Signaling that they won’t take no for an answer, three environmental groups have filed suit against the Environmental Protection Agency (EPA) to force it to ban lead ammunition and lead used in various types of fishing tackle. The case will be tried in a federal court in Washington, D.C.
This summer the Center for Biological Diversity, Public Employees for Environmental Responsibility and a group called Project Gutpile that purports to represent hunters petitioned the EPA to outlaw lead ammo and tackle on the grounds that it poisoned waterfowl that ingested spent ammo or lost sinkers.
Though the EPA is charged with enforcing the Toxic Substances Control Act, it dismissed the lead ammo ban out of hand because it is forbidden by a provision in the law to regulate ammunition. In October, the agency turned down the fishing tackle ban, indicating the groups’ contention that lead used in fishing weights and lures posed a substantial threat to waterfowl populations was unconvincing.
National hunting groups such as the Boone and Crockett Club and the National Rifle Association lauded the EPA’s action with regard to lead ammunition, and fishing groups such as the American Sportfishing Association similarly praised its decision to deny the ban on lead in tackle. Sinkers and some lure components such as jig and spinnerbait heads are made of lead.
“I think that the EPA made the right decision in the first place,” says Mike Nussman, president of the ASA. “We’re going to be very interested in how the lawsuit unfolds. The National Shooting Sports Foundation already has intervened in the suit in support of the EPA. No doubt other groups will line up on either side as well.”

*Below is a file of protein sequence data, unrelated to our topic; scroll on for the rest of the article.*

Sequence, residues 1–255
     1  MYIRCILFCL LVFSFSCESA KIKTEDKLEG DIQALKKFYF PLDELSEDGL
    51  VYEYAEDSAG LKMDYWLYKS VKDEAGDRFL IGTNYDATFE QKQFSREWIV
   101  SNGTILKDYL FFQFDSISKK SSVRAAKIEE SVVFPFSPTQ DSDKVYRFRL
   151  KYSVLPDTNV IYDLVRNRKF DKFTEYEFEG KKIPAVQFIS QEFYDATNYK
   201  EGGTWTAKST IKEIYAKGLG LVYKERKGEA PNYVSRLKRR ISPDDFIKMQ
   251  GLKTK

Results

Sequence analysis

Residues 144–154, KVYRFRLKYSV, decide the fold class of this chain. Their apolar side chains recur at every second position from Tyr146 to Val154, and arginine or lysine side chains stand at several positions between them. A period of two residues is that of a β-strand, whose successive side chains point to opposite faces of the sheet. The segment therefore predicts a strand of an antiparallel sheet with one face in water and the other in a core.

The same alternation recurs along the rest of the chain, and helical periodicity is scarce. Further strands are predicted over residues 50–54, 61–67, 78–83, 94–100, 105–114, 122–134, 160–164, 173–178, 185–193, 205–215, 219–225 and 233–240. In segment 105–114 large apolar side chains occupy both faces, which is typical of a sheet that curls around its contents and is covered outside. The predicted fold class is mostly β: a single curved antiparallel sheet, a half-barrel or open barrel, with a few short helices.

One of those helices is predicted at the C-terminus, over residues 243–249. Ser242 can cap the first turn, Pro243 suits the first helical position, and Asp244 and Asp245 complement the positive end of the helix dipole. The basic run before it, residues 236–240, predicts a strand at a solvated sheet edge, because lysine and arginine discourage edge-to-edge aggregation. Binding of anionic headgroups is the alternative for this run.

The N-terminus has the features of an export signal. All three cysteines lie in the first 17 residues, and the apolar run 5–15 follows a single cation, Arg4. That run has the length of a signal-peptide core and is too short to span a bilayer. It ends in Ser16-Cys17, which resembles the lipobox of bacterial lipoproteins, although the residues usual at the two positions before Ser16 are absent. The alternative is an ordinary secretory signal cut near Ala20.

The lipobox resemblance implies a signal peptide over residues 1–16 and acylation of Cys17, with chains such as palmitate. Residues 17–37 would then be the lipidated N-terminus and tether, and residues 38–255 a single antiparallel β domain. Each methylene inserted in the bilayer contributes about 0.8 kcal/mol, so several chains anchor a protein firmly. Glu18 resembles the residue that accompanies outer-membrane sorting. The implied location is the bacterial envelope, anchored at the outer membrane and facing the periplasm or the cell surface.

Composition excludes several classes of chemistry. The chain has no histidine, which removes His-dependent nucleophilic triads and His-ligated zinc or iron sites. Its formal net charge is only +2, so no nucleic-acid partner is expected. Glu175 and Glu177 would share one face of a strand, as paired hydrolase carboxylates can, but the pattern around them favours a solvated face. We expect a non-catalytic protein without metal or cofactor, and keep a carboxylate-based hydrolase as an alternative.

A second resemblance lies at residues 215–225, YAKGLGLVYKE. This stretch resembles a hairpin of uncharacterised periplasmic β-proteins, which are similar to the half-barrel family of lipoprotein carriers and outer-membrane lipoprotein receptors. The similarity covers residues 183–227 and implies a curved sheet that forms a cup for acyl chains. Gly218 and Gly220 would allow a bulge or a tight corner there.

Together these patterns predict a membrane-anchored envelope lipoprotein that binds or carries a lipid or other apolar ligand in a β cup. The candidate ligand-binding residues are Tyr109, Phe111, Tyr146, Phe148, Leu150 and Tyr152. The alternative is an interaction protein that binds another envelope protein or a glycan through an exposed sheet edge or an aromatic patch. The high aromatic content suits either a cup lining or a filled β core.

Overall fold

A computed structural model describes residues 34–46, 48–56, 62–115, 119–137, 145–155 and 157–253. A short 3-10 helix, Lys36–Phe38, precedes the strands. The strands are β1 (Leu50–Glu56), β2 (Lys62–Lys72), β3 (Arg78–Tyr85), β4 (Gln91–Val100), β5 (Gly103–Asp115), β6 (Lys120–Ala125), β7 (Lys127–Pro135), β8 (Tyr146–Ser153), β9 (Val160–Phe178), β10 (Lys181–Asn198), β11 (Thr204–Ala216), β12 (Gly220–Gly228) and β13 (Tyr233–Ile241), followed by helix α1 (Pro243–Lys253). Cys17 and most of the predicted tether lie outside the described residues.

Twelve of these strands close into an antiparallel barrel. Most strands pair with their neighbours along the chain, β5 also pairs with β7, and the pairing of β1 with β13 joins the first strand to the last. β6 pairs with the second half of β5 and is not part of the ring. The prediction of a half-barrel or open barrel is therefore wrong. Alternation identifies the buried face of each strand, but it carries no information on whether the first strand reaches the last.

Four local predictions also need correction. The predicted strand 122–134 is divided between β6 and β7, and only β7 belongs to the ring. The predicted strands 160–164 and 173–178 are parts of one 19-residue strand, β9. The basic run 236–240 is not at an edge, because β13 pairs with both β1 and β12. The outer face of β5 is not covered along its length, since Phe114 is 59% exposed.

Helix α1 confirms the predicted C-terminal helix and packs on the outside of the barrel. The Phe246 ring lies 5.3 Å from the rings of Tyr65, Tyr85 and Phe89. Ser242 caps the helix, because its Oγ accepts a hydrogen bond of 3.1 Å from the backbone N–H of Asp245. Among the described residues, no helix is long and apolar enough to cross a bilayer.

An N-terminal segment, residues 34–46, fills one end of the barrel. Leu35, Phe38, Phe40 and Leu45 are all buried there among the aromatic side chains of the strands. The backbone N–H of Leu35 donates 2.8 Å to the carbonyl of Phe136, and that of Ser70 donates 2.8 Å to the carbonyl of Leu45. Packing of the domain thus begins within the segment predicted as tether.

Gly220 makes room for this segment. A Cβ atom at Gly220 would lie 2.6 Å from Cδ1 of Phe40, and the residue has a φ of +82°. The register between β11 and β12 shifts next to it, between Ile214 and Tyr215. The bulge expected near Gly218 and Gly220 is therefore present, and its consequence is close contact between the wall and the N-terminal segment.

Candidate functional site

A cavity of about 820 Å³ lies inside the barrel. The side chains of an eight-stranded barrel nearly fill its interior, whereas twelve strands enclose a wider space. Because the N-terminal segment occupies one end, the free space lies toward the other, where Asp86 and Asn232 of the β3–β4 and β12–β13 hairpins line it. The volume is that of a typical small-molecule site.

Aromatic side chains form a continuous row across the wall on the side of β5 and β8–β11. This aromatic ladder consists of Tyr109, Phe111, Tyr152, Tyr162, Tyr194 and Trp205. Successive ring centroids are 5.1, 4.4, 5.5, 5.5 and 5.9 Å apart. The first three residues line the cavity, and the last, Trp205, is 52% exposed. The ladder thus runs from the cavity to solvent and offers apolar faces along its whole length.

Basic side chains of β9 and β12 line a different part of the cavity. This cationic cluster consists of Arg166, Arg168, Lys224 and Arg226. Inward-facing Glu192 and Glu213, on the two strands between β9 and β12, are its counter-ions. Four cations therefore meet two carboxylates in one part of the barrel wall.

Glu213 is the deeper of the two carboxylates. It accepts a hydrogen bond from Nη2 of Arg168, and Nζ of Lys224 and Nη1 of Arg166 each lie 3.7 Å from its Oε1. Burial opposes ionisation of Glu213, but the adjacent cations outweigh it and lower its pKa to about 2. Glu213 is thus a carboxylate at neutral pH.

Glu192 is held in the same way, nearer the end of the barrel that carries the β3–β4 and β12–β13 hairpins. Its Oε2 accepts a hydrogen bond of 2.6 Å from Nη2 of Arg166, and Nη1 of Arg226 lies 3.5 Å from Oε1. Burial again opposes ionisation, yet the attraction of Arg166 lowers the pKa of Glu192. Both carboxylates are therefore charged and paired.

Two of the original groups that petitioned the EPA, the Association of Avian Veterinarians and the American Bird Conservancy, are not participating in the lawsuit.
“This will go through a long and expensive process now,” Nussman continues. “But it’s money that’s going to have to be spent to represent the interests of hunters and fishermen properly.”
Though nonprofit conservation groups such as the Center for Biological Diversity depend largely on tax-free donations, they also have access to funds made available through the Citizens Suit Provisions of the Endangered Species Act, and the Equal Access To Justice Act of 1948. The latter provides attorney fees of up to $125 per hour for groups involved in litigation against government agencies. Likewise, Citizens Suit Provisions that enable litigants to recover legal fees also involve taxpayer money.